D.C. Metro Ad Says Women Care More About Shoes Than Train Reliability

Campaign touting progress takes big step backward

The D.C. Metro's newest ad campaign, dubbed "Metro Forward," took a giant step backward recently with a sexist print ad that suggests women would rather talk about shoes than public transport reliability. The not-so-subtle subtext, according to critics, is that women (specifically the Metro's riders) are too vapid to care about matters of import.

"The point of the ad is to get people talking about Metro's massive rebuilding effort by juxtaposing technical facts with a variety of light responses in conversation between friends," a Metro spokesperson tells DCist.com.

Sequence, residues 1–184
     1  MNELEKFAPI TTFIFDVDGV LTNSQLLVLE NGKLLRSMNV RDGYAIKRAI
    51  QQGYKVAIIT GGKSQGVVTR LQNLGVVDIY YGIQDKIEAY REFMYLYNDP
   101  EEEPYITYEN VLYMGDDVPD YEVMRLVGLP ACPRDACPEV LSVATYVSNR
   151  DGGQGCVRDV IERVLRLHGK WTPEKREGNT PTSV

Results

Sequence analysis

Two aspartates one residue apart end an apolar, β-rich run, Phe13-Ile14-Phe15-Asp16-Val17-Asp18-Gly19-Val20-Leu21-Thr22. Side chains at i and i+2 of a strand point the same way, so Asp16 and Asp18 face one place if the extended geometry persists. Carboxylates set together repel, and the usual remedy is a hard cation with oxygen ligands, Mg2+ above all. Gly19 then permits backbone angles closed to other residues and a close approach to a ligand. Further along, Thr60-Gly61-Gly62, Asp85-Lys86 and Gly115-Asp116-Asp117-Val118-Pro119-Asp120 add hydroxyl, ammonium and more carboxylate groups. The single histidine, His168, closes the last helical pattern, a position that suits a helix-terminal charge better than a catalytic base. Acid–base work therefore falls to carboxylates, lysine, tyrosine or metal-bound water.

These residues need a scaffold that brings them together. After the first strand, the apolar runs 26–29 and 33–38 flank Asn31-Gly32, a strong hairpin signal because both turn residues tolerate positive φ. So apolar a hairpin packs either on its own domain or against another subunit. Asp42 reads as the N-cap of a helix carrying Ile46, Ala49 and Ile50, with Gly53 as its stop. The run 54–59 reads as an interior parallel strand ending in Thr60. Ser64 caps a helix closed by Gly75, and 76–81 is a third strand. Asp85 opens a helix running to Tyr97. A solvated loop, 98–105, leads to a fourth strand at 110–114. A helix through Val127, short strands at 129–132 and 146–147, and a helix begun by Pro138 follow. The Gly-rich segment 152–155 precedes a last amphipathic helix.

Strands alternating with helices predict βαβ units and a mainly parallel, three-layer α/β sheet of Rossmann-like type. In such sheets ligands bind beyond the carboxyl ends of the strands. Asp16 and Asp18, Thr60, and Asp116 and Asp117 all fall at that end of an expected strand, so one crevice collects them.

In a version of the campaign featuring two men, when asked whether he'd noticed some new hardware installed on the train, the guy's punch line is, "No, Billy, not so much." What, no mention of beer, power tools or watching some sports last night?

The sexism of the women-oriented ad is particularly egregious and laughable because it's so lazy. "Ladies and their shoes" is a punch line you'd hear on late-night TV 25 years ago, and it wasn't funny then, either. Luckily for us, this is one of those advertising blunders where the parodies will be much better executed because more thought will have been put into them than in the original.

adfreakdk@gmail.com David Kiefaber is a frequent contributor to Adweek's creativity blog, AdFreak.